WinGLink. Then, projecting this resistivity distribution to a fine mesh produced from a coded program and inverting it. The thinking of this program is similar to the route of producing a fine mesh of the WinGLink software. However, there are significant differences between them especially at the algorithm. The height or width of a cell can be set respectively, and there are no more adding elements beyond the maximum detecting depth calculated from the whole data. Trial and error approach is used to balance total element number and model scale, while ensuring that cells are kept sufficiently fine for accurate numerical calculation. By inverting YC profile AMT data with a new model produced by this method, a new geo-electrical model was obtained in the Figure 5(B) with 5%. of the inversion misfit.
There is a resistivity layer near the depths from 165 m to 275 m in Figure 5(B), which generally agrees with the well logging curve resistivity anomaly part at the same depth range where the curve’s resistivity values are only several ohmmeters higher than the top and the below. In order to check whether this anomaly layer exists, two ways of constraining the area of the anomaly inversions were used. One, model C in Figure 6, is set with lower resistivity values than that of model B (Figure 5); the other is the higher one as model D in Figure 6. The response of the inverted constrained models and no-constrained model and observed curves are plotted near the borehole E14-7 as Figure 7.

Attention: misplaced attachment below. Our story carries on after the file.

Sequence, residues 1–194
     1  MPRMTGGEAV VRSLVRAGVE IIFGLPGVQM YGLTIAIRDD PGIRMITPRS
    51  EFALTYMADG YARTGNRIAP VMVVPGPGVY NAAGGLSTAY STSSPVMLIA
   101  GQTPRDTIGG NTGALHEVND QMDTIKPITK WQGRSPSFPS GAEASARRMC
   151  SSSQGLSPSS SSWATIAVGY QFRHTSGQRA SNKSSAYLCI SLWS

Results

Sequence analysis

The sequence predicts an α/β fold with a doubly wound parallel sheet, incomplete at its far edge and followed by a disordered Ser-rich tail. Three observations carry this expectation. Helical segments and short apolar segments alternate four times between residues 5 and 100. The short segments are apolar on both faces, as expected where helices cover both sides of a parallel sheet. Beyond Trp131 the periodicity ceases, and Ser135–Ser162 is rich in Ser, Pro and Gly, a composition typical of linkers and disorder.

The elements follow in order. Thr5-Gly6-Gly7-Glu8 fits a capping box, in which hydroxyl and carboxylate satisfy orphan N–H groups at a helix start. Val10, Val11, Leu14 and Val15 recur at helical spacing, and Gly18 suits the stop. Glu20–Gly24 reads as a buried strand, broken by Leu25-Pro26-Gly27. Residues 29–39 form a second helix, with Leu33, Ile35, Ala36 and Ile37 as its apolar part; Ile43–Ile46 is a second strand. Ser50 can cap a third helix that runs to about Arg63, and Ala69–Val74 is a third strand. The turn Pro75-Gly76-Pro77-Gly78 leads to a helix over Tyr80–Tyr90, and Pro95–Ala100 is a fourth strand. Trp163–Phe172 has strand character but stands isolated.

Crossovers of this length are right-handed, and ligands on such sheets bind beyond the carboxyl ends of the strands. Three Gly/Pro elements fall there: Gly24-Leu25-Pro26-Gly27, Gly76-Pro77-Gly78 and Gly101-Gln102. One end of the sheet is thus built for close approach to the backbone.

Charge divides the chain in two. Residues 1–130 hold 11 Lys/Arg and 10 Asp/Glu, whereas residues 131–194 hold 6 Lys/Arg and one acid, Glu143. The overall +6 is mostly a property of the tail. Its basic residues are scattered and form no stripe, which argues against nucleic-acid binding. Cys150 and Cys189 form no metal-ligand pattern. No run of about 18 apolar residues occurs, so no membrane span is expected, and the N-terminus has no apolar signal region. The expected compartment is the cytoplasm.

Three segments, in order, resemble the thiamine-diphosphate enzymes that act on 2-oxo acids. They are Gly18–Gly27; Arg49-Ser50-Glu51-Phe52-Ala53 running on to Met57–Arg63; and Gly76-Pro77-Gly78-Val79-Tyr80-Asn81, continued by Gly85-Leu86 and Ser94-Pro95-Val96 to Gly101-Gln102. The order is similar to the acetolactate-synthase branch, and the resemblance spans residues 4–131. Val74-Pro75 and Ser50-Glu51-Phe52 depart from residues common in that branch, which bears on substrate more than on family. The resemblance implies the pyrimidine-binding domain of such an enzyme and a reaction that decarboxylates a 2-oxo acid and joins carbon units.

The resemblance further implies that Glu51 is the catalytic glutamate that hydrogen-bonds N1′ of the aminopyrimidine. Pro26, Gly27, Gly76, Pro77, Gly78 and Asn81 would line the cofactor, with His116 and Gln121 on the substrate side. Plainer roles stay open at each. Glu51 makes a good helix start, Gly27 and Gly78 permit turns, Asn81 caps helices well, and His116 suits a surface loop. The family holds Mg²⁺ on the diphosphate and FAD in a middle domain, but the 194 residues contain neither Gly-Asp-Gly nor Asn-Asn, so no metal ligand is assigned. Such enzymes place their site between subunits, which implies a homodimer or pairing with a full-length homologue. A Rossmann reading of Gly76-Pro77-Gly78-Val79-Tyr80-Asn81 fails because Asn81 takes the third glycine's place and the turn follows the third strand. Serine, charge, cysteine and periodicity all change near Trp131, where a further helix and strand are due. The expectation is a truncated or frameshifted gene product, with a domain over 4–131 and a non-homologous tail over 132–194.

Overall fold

Figure 6. Constraint inversion results. The white rectangles with white dots are constrained with different resistivity values. The constrained resistivity value in model C is 3 Ω・m, while 50 Ω・m in model D.
Figure 7. Response resistivity curves (part) of the different models inverted.
There is a clear bias between the constrained model and unconstrained model from the observed curves. There is a resistivity anomaly layer exiting at the depths from 165 m to 275 m near the borehole indeed.
Studying key sandstone body’s shape is a key task for exploring the leachable sandstone type uranium deposits, for the sandstone body is the room where the ore may exist. Many sandstone bodies are surrounded by the conductive mudstone layers, which add the difficulty in exploring such sandstone bodies. Especially, the low resistivity contrast adds the difficulty in imaging such anomaly.
The analysis above shows that the sandstone layer or body (a little higher resistivity layer), which agrees with the well logging data and is within the conductive layers, was imaged through adjusting the model’s scale by the identical inversion algorithm. It’s inferred that the different scale the models indeed influenced the result of the inversion and adjusting model’s scale to invert data are a key step for AMT data inversion especially in such little contrast environment. So, it’s recommended to calculate more times with two steps to meet such situation. The first step is to invert different scale models, then to check the anomalies of each inversion by the above way or the known information. This inversion route can defend missing some anomalies hidden in the data, especially for the weak resistivity contrast condition.
*AMT, the natural-source audio-magnetotelluric method.
 Wannamaker, P.R., Stodt, J.A. and Rijo, L. (1985) PW2D-Finite Element Program for Solution of Magnetotelluric Responses of Two-Dimensional Earth Resistivity Structure: User Documentation. University of Utah Res. Inst. Rep. ESL-158.
 Liu W.S., Kang, S.H., Zhao, X.Q, Shi, Q.P. and Zhang, Z.N. (2013) Mineralization Mechanism and Exploration of Paleo-Channel Type Uranium Deposit in Central Erlian Basin. Uranium Geology, 31, 164-175 (in Chinese).